You know you’re a big deal when hip-hop icon Most Def introduces you with the same reverence and respect as he’d introduce Christ.
But for many poets, Saul Williams is the messiah.
It’s not just the sound of William’s words that makes him a poetic genius, it’s also his urgent message of change. Williams speaks his poetry with urgency, asking, when will rhyme be equated with reason? Why isn’t rhyme a so-called “rational” mode of thought? His performance demands attention, asking—actually, insisting— for audiences to sit up, to wake up, to pay attention to the state of the world, and to take ownership of that state.
As a black poet, Williams questions his racial subjectivity and challenges stereotypes surrounding darkness. As a marginalized speaker, Williams recognizes how his people have been excluded from language, yet he refuses to identify himself as simply a victim of discourse. Instead, his poetry—with its sharp sounds and staccato rhythms—punctures the ear, thwarting our understanding of poetry as a quiet, private exchange between speaker and listener and instead stages poetry within public and political arenas.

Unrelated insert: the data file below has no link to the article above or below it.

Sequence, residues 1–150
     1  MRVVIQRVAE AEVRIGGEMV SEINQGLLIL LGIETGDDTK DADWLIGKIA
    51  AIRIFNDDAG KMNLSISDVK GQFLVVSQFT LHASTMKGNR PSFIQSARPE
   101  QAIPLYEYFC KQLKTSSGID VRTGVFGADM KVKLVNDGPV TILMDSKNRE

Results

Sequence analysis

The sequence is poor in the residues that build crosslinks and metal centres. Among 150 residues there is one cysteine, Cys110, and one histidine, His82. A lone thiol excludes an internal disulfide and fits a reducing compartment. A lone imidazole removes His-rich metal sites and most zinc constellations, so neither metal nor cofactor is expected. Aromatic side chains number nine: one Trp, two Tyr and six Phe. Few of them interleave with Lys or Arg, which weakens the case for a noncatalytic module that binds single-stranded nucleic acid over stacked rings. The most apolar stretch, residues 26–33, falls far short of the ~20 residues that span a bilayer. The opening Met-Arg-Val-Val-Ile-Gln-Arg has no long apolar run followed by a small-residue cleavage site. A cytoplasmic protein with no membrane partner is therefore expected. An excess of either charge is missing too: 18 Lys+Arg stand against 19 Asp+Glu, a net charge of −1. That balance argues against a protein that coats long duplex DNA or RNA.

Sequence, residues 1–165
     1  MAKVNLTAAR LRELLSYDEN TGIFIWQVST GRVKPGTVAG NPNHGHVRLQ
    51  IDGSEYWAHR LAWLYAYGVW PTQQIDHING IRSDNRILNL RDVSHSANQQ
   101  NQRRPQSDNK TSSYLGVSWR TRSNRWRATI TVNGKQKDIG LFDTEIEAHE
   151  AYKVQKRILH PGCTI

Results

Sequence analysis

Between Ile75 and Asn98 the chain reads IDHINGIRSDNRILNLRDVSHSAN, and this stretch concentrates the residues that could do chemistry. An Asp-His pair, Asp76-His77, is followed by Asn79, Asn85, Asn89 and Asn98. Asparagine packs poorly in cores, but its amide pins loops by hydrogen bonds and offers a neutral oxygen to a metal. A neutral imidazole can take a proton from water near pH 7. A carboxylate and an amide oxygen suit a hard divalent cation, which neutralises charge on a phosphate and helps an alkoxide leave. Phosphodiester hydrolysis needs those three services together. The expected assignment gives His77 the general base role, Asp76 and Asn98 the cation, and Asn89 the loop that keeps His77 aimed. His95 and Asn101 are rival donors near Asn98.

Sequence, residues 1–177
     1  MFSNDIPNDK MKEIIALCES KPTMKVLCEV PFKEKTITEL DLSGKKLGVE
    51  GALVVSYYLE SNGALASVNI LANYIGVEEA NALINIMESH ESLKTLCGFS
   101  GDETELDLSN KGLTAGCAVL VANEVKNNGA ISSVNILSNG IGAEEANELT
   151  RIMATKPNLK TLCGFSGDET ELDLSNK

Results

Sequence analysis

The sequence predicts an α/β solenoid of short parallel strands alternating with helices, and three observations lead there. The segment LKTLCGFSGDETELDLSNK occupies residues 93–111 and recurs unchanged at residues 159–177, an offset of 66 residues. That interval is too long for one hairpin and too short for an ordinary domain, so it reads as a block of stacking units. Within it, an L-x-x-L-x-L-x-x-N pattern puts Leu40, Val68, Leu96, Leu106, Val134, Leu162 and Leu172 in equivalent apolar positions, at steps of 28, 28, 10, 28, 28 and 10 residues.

To categorize Williams as a black poet simplifies the trajectory of “Coded Language.” In this piece, Williams calls on every person, “every so-called gender, race, sexual preference,” to “raise the consciousness of the entire fucking world,” to be “beings of sound.”
Williams poetry accosts, asking—nay, demanding: what sound have you made today?